Stocks

Every investor wants to buy low and sell high. A stock market downturn during a recession might be an opportune time for bargain hunters.

While the GDP contraction in Q1 and Q2 wasn’t too severe, stocks have already fallen — by a lot.

The S&P 500 is down about 20% in the first six months of 2022, marking its worst first-half performance since 1970.

Investors who want to scoop up shares on the cheap might want to be cautious and focus on companies that can thrive during a recession.

Warren Buffett, for instance, loaded up on shares of food giant Kraft Foods (which later merged with Heinz to create Kraft Heinz) and electric utility NRG Energy (NRG) during the Great Recession of 2008.

According to Hartford Funds, the S&P 500 actually gained 3.7% on average during the 13 recessions since 1945.

You don’t need a lot of cash to start investing. Some investing apps even allow you to buy fractions of shares with as much money as you are willing to spend.

Fundrise helps you invest in real estate without having to buy a house. Let their state-of-the-art technology and in-house experience open the door to new opportunities today.

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Real estate

Real estate offers another potentially lucrative opportunity during a recession.

A recession doesn’t necessarily mean we are going to see a drop in property prices. But one specific factor could deter the upward momentum in the real estate market: interest rates.

Right now, the Fed is raising its benchmark interest rates aggressively to tame spiking inflation. Higher interest rates are bad news for real estate.

When the cost of borrowing is high, it makes people think twice about getting a loan to purchase a home or investment property.

Real estate mogul Sam Zell — also known as the “Grave Dancer” — made a fortune from buying properties when no one else wanted to.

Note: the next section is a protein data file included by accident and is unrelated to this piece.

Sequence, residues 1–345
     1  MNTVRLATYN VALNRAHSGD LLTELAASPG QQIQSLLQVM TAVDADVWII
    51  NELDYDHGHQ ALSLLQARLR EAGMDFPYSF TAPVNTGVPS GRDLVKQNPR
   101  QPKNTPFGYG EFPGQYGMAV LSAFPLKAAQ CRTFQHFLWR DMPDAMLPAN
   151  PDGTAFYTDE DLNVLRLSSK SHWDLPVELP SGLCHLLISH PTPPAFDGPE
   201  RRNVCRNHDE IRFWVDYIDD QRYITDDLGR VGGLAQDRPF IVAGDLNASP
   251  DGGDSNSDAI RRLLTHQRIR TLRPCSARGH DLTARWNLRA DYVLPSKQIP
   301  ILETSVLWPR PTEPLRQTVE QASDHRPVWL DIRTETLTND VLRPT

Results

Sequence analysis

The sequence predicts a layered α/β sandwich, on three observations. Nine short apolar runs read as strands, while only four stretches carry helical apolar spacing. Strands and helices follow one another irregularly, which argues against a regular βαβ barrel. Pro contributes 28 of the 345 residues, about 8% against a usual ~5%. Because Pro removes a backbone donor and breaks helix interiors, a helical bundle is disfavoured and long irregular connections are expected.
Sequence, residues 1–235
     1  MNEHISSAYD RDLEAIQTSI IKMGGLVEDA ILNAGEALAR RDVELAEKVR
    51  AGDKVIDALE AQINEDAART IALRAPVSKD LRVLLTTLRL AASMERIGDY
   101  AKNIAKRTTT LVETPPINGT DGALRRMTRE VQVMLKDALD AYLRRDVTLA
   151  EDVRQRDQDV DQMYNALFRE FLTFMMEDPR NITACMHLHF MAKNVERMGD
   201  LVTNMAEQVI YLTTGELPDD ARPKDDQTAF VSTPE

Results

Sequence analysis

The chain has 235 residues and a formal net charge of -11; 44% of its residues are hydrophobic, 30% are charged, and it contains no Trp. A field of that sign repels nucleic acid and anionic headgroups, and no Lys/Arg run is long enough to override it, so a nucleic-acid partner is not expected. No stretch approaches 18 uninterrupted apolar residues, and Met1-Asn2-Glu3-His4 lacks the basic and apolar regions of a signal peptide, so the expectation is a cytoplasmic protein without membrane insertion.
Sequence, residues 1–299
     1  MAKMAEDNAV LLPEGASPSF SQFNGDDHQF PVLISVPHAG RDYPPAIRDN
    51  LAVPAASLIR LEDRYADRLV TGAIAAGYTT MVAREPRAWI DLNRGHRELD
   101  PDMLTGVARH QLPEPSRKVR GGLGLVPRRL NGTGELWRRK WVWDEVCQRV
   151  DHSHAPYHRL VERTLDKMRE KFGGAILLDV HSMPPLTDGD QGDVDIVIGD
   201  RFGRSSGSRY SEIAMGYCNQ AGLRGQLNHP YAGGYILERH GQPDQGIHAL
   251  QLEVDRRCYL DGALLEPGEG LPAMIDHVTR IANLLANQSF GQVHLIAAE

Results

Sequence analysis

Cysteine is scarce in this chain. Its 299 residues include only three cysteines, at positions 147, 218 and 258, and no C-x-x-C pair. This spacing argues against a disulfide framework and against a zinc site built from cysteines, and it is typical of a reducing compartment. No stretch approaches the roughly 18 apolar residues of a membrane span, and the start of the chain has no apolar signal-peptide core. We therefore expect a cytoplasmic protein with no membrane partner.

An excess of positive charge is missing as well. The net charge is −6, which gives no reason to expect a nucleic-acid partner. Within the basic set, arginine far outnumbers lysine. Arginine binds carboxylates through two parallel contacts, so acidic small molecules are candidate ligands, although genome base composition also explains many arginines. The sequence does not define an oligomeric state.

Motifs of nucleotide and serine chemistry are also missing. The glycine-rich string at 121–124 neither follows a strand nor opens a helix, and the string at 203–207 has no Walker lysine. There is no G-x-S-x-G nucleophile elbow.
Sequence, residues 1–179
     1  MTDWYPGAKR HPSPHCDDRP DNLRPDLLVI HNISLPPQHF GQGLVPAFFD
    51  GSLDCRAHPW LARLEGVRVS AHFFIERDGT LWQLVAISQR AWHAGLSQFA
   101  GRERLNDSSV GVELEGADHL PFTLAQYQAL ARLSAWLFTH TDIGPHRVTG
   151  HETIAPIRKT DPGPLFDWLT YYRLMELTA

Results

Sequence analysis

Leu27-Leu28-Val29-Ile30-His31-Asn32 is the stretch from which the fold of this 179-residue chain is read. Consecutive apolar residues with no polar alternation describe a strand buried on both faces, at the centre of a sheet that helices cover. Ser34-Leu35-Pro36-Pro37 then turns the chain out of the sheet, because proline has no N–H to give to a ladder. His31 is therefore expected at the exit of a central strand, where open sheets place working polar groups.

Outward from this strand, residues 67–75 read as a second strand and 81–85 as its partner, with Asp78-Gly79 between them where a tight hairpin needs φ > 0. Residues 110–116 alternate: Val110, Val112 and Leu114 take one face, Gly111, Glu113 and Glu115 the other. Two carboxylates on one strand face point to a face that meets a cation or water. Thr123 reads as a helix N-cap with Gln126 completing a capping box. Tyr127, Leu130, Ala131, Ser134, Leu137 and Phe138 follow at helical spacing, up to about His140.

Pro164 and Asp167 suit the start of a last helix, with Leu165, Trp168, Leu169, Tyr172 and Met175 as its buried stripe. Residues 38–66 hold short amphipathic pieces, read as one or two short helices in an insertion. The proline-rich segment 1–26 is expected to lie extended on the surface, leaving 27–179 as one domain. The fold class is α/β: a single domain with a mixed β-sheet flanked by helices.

In 1973, when the economy fell into a recession, the real estate market tumbled as many loans went into default. In that environment, Zell was able to acquire a portfolio of high-quality properties at a significant discount.

If you’ve been eyeing investment properties in recent years, a recession-driven pullback in prices might provide a good entry point.

These days, new services make it easy for you to get into the real estate game, no matter how big (or small) your budget is.

Starting your own business

Not everyone wants to start their own business. But according to The Economist, 47% of millionaires are business owners.

Being an entrepreneur is not easy, and the idea of building a business in a recession — when other businesses might be shutting down — can seem daunting. But going against the herd has its advantages.

“Right now is the time to take advantage of an open field. Your competitors are pulling back — spending less money on marketing and advertising,” says Charles Gaudet, CEO of business consultant and coaching agency Predictable Profits. “Some started laying off employees. Others are content to sit tight and hope for the best.”

When there’s less competition, you have a better chance of establishing a position in the market.

Of course, if you’re not ready to quit your job and go all-in on a business idea just yet, think about starting a “side hustle” first.

There’s no magic formula to getting rich quickly. Whether it’s investing in stocks, real estate, or starting your own business, it’s important to do your own research and evaluate your financial situation first.

Pour your portfolio a glass of recession resistance

Fine wine is a sweet comfort in any situation — and now it can make your investment portfolio a little more comfortable, too.

Ownership in real assets like fine wine could be the diversification you need to protect your portfolio against the volatile effects of inflation and recession. High-net-worth investors have kept this secret to themselves for too long.

Now a platform called Vinovest helps everyday buyers invest in fine wines — no sommelier certification required.

Vinovest automatically selects the best wines for your portfolio based on your goals, and it tells you the best times to sell to get the best value for your wine.

About the Author

Jing Pan

Jing Pan

Investment Reporter

Jing is an investment reporter for MoneyWise. Prior to joining the team, he was a research analyst and editor at one of the leading financial publishing companies in North America. An avid advocate of investing for passive income, he wrote a monthly dividend stock newsletter for the better half of the past decade. Jing holds a Master’s Degree in Economics and an Honours Bachelor of Science Degree, both from the University of Toronto.

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